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close this bookClinical Guidelines and Treatment Manual (MSF, 1993, 319 p.)
close this folderChapter 6 - Parasitic diseases
View the documentSchistosomiasis
View the documentIntestinal protozoa
View the documentNematodes
View the documentLiver flukes
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View the documentFilariasis
View the documentMalaria
View the documentTrypanosomiasis
View the documentLeishmaniasis


Parasitic infection of humans and certain animal hosts caused by flagellate protozoans, Leishmania spp, transmitted by the bite of infected female Phlebotomus sandflies. Two major forms:

- Cutaneous and mucocutaneous leishmaniasis

· Old World, also known as oriental sore (also by many other local names). Occurs in the Middle East, Mediterranean, Ethiopia, India.

· New World, also known as espundia or mucocutaneous form, occurs in South America and Africa (Ethiopia...).

- Visceral leishmaniasis, or Kala-Azar

· Occurs in the Middle East, Mediterranean, India, East Africa, China, Latin America.

Clinical features


- Incubation 2 to 4 months; single or multiple lesions appear on exposed areas of skin. Starts as a papule, which then extends in circumference and depth to form a crusty ulceration (dry form).

- Wet forms tend to evolve more quickly.

- Lesions tend to resolve spontaneously, leaving a scar.

- Lesion can extend to mucus membranes (mouth, nose, conjuntivae) and can be very mutilating (mucocutaneous form).


- Persistent fever, pallor, anemia, weight loss, hepatomegaly, splenomegaly; sometimes adenopathy, diarrhea and hemorrhage.

- Raised ESR, raised gammaglobulins.

- If untreated, is invariably fatal.

- Serology: test for Kala-Azar (direct agglutination, clot Elisa. Always confirm by looking directly for parasites. Serology is of no value in cutaneous forms (false -, false +).


- By indentification of Leishmania from skin lesions (cutaneous forms), or from blood, bone marrow, lymph nodes or spleen (kala-azar).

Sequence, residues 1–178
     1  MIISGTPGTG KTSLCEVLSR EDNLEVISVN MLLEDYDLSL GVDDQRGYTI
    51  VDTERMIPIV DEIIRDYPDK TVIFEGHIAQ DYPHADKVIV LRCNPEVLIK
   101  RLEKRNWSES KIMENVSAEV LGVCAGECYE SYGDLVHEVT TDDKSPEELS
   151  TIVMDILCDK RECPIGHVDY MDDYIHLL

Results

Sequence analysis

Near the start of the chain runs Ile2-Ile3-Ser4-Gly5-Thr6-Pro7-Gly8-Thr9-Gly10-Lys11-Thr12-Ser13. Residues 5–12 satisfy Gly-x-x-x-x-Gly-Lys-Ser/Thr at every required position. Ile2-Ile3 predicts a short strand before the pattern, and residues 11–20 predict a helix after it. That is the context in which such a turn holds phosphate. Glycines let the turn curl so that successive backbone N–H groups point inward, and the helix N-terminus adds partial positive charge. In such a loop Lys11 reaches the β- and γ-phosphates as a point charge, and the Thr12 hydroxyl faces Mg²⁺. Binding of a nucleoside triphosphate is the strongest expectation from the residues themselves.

- May-Grunwald-Giemsa stain: parasites are intracellular and seen within histiocytes.


- The main drugs are antimony compounds:
meglumine antimonate(amp 5 ml = 1.5 g in IM): 50 mg/kg/d x 10 to 15 days
sodium stibogluconate (amp. 1 ml = 100 mg in IM or IV):



Child under 5 years:

2 ml/day

Child 5 to 14 years:

4 ml/day

Duration of 30 days, except with Indian kala-azar which is treated for 6 days only.

· Idiosyncratic reactions: fever, chills, cough, myalgia and rash. These reactions can be fatal so stop therapy if any of these symptoms appear.

· Therapy must be closely supervised as toxicity may appear late and is serious. Signs of toxicity are: fever, chills, cough, rash, polyneuritis, cardiac failure and renal failure.

- pentamidine (amp. 3 ml = 120 mg in IM): 2 to 4 mg/kg x 6 injections every 48 hours The patient should be supine during and after the injections as they can cause either hypoglycaemia or hyperglycaemia.

Indications (hospital)

- Cutaneous leishmaniasis
Both meglumine antimonate and sodium stibogluconate promote healing but are not without danger.

· Systemic meglumine antimonate (course of IM injections) can be reserved for serious cases.

· For single lesions, or a small number of small lesions, local therapy can be tried instead. Give 1 to 3 ml of meglumine antimonate injected around and beneath the lesion, to be repeated if necessary.

- Visceral leishmaniasis

Either meglumine antimonate or sodium stibogluconate are given systematically as described above. Strict supervision is necessary.
In case of poor response or idiosyncratic drug reaction, use pentamidine.


Vector control and, in some cases, control of animal reservoir.